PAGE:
For the past three years, I’ve been using an HP Envy 14 Spectre – an audacious, premium design from HP that sadly was a one-off and not the first of a new line. Sure, they’ve carried the ENVY name forward, but none of them have been Spectres or been premium. The Envy 14 Spectre was, and is, a fast machine with a great design. The overall weight though makes it a hassle for travel, and the battery life isn’t anything to write home about. I was particularly frustrated when, after ordering if the first week it came out, within a month of getting it Intel had announced new chips – HP decided to release this new product at the end of a chip cycle from Intel. This was right after I’d moved to the USA, and I frankly wasn’t in the loop on Intel’s roadmap. It’s still a fast laptop for most things, but I’d have preferred to wait and get the newer generation of chip from Intel, all things being equal.

The new Dell XPS 13 comes with a Broadwell-U chip. I’d initially been excited about the Core M chips and the idea of a fanless design, but once I saw how performance-limited they were, I decided I needed to go for a Broadwell-U chip. Here’s what’s funny though: Broadwell was supposed to ship in products last year, and all the rumours point to Intel releasing Skylake midway this year. Skylake is a new chip design and promises significant advances over Broadwell…so by ordering this Dell XPS 13, am I setting myself up for another scenario where mere months after I get a new product there’s already a new chipset? Could be. At least this time I know about it! Hopefully if Skylake products won’t ship until Q3/Q4, I won’t feel bad about snagging a Broadwell-U based system…as long as it rocks, that’s all I care about.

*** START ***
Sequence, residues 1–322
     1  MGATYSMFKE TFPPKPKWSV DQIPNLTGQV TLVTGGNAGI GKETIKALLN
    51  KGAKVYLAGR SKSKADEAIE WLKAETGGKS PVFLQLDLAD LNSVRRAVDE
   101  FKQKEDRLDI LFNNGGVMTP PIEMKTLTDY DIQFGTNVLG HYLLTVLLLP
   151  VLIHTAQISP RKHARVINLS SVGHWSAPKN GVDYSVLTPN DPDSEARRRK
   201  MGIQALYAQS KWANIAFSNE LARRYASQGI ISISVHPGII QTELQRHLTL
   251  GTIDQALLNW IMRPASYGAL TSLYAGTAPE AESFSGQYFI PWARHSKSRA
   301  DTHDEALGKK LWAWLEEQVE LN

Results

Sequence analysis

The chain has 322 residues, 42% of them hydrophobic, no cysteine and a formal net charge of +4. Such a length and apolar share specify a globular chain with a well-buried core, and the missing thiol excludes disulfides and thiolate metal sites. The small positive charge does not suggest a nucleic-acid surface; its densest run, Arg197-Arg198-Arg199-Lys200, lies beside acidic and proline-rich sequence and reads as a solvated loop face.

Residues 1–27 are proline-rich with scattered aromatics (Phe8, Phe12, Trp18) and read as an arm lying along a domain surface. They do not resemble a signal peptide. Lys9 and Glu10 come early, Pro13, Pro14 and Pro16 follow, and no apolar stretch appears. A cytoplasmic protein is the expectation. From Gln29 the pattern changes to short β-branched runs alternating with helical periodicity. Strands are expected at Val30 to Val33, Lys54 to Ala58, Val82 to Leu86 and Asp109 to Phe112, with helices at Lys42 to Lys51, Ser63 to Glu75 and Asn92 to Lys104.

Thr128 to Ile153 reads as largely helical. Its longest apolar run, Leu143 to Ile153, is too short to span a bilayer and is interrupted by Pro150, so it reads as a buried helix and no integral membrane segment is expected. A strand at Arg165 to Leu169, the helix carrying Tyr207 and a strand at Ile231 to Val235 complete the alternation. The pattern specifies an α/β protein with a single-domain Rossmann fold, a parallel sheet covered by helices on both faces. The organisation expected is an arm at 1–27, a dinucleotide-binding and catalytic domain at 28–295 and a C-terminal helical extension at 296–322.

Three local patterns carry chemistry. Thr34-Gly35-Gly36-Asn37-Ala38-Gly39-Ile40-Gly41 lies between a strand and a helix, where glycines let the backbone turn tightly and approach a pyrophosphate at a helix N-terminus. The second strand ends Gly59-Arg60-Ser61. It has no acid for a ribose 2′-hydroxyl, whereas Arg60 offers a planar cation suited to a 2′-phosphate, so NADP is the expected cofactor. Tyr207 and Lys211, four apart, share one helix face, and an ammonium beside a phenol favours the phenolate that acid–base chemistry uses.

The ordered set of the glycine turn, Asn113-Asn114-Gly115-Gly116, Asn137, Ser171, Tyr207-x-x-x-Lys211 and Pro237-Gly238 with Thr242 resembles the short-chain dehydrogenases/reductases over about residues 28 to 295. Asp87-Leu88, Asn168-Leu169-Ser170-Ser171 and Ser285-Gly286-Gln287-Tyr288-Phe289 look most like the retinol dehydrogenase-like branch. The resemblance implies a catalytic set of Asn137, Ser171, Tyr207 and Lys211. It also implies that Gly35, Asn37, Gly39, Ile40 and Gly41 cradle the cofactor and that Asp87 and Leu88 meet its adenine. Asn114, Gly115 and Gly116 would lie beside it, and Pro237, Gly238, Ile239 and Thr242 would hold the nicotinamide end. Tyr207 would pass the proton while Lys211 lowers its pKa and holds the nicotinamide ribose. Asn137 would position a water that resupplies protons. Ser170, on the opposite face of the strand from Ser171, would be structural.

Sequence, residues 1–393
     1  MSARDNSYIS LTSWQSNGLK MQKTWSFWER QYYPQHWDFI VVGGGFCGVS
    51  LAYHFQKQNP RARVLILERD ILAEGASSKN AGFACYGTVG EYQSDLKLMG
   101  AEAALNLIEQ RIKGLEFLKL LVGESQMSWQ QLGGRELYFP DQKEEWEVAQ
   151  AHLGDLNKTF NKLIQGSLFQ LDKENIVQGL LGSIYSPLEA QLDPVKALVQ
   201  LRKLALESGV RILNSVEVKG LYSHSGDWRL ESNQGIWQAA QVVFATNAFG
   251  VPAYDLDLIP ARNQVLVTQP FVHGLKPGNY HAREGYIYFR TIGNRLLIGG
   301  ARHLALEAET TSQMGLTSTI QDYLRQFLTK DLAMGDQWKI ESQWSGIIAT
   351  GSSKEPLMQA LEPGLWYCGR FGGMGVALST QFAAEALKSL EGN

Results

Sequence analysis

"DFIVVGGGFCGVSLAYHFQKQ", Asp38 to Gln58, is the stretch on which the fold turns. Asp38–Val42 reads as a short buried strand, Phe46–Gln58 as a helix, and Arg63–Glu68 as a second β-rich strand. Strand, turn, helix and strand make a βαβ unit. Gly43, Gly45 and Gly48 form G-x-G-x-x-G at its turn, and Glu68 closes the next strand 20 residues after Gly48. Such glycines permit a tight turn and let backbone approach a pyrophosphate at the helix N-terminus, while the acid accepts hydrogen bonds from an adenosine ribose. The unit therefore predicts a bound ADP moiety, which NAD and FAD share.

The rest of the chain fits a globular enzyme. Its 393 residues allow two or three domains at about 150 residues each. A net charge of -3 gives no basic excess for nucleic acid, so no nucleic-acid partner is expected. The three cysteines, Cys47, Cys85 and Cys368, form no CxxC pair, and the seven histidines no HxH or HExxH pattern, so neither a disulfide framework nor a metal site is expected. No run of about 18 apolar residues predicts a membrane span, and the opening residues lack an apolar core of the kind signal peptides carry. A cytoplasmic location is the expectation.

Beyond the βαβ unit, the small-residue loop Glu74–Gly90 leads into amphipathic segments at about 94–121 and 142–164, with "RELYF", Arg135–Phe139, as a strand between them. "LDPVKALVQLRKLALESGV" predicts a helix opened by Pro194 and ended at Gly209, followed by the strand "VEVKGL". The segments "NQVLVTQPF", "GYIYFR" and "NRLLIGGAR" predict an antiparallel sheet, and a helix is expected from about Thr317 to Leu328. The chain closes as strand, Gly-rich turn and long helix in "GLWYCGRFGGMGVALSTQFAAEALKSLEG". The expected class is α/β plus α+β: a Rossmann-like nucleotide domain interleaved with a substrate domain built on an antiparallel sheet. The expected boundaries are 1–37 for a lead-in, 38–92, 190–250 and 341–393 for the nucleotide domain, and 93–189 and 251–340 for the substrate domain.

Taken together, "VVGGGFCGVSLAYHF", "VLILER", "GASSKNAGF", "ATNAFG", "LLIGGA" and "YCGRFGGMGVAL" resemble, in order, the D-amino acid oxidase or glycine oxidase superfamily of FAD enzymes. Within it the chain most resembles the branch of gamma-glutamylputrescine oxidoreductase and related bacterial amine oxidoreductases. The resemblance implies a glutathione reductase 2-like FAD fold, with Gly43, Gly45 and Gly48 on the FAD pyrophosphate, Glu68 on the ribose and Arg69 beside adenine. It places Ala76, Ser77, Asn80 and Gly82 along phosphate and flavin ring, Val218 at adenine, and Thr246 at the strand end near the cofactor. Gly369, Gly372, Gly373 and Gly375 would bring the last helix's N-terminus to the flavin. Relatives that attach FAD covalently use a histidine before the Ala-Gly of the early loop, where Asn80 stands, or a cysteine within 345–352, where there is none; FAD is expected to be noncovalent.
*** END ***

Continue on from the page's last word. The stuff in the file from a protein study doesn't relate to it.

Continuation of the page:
Dell used to be the king of customization, but I find it ironic and sad that now that seems to be more Apple’s game: I can order a Macbook Air with a Core i5 or i7 CPU, 4 GB or 8 GB of RAM, and a choice of 256 GB or 512 GB SSD. Dell has a few configs, but if you want a 512 GB SSD, there’s only ONE config: the Core i7, 8 GB of RAM, and the QHD+ touchscreen display. I’d have been perfectly happy with the 1920 x 1080p non-touch display as that unit gets better battery life…somehow Dell decided not to let people pick that option. I’m feeling very iffy about Window 8.1’s ability to handle a resolution that high. I’ve never liked how the Windows UI looks with high-dpi settings turned on, so I’m a bit concerned how well this display is going to work with my apps (and eyes).

After wasting two days playing telephone tag with Dell – their practice of needing to call you on the phone to verify your order is as old-fashioned and quaint as it is wasteful and inefficient – my laptop is finally in pre-production. I expect to have it in my hands by February 6th…can’t wait!

Unlisted YouTube Videos Do Work Properly on Twitter

January 14th, 2015 at 9:23 pm

Earlier today I needed an answer to a simple question: if you posted a YouTube link to an unlisted video on Twitter, would it embed the video properly in the feed and work exactly like a public video? Surprisingly, I couldn’t find the answer despite several searches. So I performed a quick experiment, first uploading a video of my son to my personal YouTube account and marking it as unlisted:

youtube-unlisted2

Then I took the YouTube link and posted it to Twitter. The video embedded in the timeline just as you’d expect:

youtube-unlisted

So there you go: post your unlisted videos on Twitter and they’ll work just like you want them to.